Parallel to the shelving there moves along upper rails 14 and lower rails 15 a handling device 16 virtually of the known art having a lift 17 running along a vertical guide 18 for loading and unloading of load units 19, 19', 19" of varying height in the compartments by means of extractable forks 20.

In accordance with the invention in each compartment 13 there are at regular intervals movable side brackets 22 facing each other in pairs.

As may be seen better in FIG. 6, each bracket 22 is joined by a pin 39 to the corresponding riser 11 separating two adjacent compartments 13 so as to be movable between a raised or out-of-the-way position (shown in broken lines) with minimal projection into the compartment and a lowered or working position (shown in solid lines).

Each bracket has an operating element or pin 23 directed toward the aisle where the device 16 passes. It is thus possible by engaging the pins 23 of the brackets to move them and thus create further divisions of the compartments 13. In this manner it is possible to optimize warehouse space utilization by determining the space between the stringers as the maximum height of the load unit storable in the warehouse and the space between the brackets and between the brackets and the stringers as the minimum height of the load unit acceptable in the warehouse.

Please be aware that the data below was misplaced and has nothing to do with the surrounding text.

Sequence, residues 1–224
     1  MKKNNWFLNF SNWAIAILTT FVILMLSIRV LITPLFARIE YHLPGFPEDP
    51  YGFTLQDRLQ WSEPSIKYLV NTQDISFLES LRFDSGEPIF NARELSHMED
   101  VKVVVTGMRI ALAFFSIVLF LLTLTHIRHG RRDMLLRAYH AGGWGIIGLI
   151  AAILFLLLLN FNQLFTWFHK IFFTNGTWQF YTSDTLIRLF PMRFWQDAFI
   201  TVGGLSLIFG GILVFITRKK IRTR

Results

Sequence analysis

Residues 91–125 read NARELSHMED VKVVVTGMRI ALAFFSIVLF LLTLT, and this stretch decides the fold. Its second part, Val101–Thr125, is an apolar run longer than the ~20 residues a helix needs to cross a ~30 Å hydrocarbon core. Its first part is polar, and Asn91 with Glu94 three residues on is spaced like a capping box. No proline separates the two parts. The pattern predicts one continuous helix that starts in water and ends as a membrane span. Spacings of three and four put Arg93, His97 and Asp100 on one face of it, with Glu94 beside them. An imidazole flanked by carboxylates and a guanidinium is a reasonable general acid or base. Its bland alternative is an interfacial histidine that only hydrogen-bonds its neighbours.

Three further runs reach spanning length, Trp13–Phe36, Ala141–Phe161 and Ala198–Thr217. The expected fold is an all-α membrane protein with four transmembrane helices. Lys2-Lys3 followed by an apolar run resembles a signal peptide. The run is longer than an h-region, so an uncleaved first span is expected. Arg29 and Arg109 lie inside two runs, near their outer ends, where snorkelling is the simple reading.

For example as shown in FIG. 1 two pairs of brackets can be provided for each compartment so as to permit division thereof in three spaces for low load units 19", in two spaces for one medium-height load unit 19' and one low load unit 19", or in a single space for one high load unit 19.

In accordance with one embodiment of the invention, to place the brackets in the working or rest position it is for example advantageous to fit the handling device 16 at the bottom as shown in FIG. 2 (otherwise known) with two powered arm devices 21 rotating axially and terminating with U elements 24 spaced virtually the distance of the pins 23 of facing brackets in a compartment.

As shown in detail in FIG. 3 when the handling device 16 is in front of a compartment, the U elements 24 can engage with the pins 23 of the facing brackets to raise or lower them.

If a load unit to be stored is a unit of maximum height 19 it is placed in a completely empty compartment 13 and the arm devices 21 do not enter into action. But if a load unit shorter than the maximum is to be stored, for example of type 19' or type 19", it can occupy the empty upper space in a compartment already occupied by one or more load units of total height less than the maximum. The traversing device 16 need only bring the load unit near the empty space and engage the U parts of the arm devices 21 with the pins of the two movable brackets immediately above the upper unit already in the compartment, so as to bring the brackets into the support position and hence ready to receive the new load unit.